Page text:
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The student news site of Eastern Illinois University in Charleston, Illinois.

The Daily Eastern News

The student news site of Eastern Illinois University in Charleston, Illinois.

The Daily Eastern News


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How does men’s soccer train for the fall?

Forward Casey Welage (8) and midfielder Jake Pollock (25) chase after the ball at men’s soccer practice at Lakeside Field. (Luther Yoder)

For most, summers are about relaxation, vacation, and spending time with friends. For athletes this isn’t always the case. Summer is a foundation for the fall. It holds a lot of importance for building one’s fitness and fine-tuning individual skills.

For Eastern’s men’s soccer team, what summer looks like differs depending on the player. Some play for summer teams, while others choose to train individually.

Junior Casey Welage, forward, and senior Chad Smith, goalkeeper, both are playing for Kings Hammer FC in the USL2 this summer. Kings Hammer FC is a semi-professional team based in Cincinnati. They have a wide variety of talent ranging from large-school, Division I athletes to small school athletes.

Sophomore goalkeeper Lucas Ortiz is playing for Steel City FC which is also a semi-professional team. Steel City FC competes in the MIdwest Premier League (MWPL) and Northern Illinois Soccer League (NISL). They’re based in the south suburbs of Chicago.

Playing for a team over the summer has its many benefits, whether it is getting more reps or dialing in on one’s specific skills. EIU is currently without a goalkeeper coach, so for the goalkeepers, summer training is essential.

For Smith, his favorite part of summer training is goalkeeper training, or “The Goalkeeper Union”, as it is commonly referred to.

“A couple times a week we are separated from the field players to do our own thing,” said Smith. “We have a great group of guys, competitive yet supportive when the time is right. We have a laugh yet get a lot of work done. The goalkeeper coach is fantastic as well and helps facilitate our growth and experience.”

Ortiz uses summer training with a similar intention.

“The work in the summer translates by repetitions and getting game time which allows me to be match fit and prepared mentally and physically going into the season”

While playing on a team, players are able to keep their competitive fire while building relationships with other highly competitive players.

There are many challenges when it comes to summer training, ranging from overworking one’s body to finding the perfect balance between life and soccer.

There are many factors. Welage searches for the perfect mix.

“Finding the perfect mix between training, running, and lifting without pushing my body over the top,” said Welage, on what he uses his summer “offseason” for. “I find joy in doing all of these things. So, at times it’s hard to say I can’t go on a run today because I did however many miles at training this morning and I can’t destroy my leg”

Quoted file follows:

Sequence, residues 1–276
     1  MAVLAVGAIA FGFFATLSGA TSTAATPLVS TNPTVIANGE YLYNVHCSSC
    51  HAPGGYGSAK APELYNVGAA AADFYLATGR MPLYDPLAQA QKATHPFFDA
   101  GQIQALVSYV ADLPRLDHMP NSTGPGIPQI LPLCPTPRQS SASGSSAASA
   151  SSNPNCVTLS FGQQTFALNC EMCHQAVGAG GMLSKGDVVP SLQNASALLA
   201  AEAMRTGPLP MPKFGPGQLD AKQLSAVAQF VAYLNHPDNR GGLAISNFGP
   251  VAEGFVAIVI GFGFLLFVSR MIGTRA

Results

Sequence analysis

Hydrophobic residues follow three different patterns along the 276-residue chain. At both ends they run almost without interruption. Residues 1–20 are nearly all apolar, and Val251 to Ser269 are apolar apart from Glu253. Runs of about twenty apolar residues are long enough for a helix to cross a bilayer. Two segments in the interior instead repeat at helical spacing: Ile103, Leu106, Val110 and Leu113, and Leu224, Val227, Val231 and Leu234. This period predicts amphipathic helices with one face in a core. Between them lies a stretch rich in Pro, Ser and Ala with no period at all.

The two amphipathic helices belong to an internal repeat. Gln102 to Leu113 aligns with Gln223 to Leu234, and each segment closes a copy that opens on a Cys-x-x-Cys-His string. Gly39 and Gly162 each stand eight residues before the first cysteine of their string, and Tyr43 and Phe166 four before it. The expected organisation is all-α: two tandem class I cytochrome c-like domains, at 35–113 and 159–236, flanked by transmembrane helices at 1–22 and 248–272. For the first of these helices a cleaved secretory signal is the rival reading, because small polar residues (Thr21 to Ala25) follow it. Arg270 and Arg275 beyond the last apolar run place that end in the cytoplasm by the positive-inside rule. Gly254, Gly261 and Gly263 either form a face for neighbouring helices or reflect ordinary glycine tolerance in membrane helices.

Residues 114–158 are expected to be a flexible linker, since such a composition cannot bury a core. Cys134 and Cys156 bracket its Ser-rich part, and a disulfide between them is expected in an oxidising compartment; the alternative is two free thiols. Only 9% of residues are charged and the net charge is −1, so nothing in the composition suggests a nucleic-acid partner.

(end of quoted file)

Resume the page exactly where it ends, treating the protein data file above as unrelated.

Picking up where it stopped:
In the summer months, hydration and heat are factors to keep in mind for the soccer team.

“Some challenges with summer training are the heat and continuous training,” said Welage. “It’s the middle of the summer so battling heat is a daily challenge but one we can work through with proper hydration.”

Some athletes choose to train on their own over the summer, their main focus is individual skills.

Number 3, William Bruce fights for control over the ball with a Southern Indiana player during the home soccer game at Lakeside Field Saturday afternoon. The Panthers lost 3-2 against Southern Indiana. (Hannah Fergurson)

“The majority of the summer is fine tuning your own skills, not only are you trying to keep up to the division one level technically but also trying to improve your game and ability.” commented senior William Bruce “I have to stay sharp on the ball technically and then as the summer progresses you gradually build up your fitness going into preseason, you start running more to mimic game scenarios, you don’t want to be at 100% going into camp because you’ll burn out and could lead to injury later in the season or early on.”

As they progress into preseason early August and then into their fall season they will adjust back to tactics and formations, working with the team as a whole.

The men will kick off their 2024 season with a home opener against University of Chicago on August 22nd.


Chloe Proffitt can be reached at 581-2812 or at [email protected]. 

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About the Contributors
Chloe Proffitt
Chloe Proffitt, Sports Reporter
Chloe Proffitt is a freshman nutrition and dietetics major and can be reached at 581-2812 or [email protected].
Luther Yoder
Luther Yoder, Assistant Sports Editor
Luther Yoder is a sophomore journalism major. This is his first year at The News.

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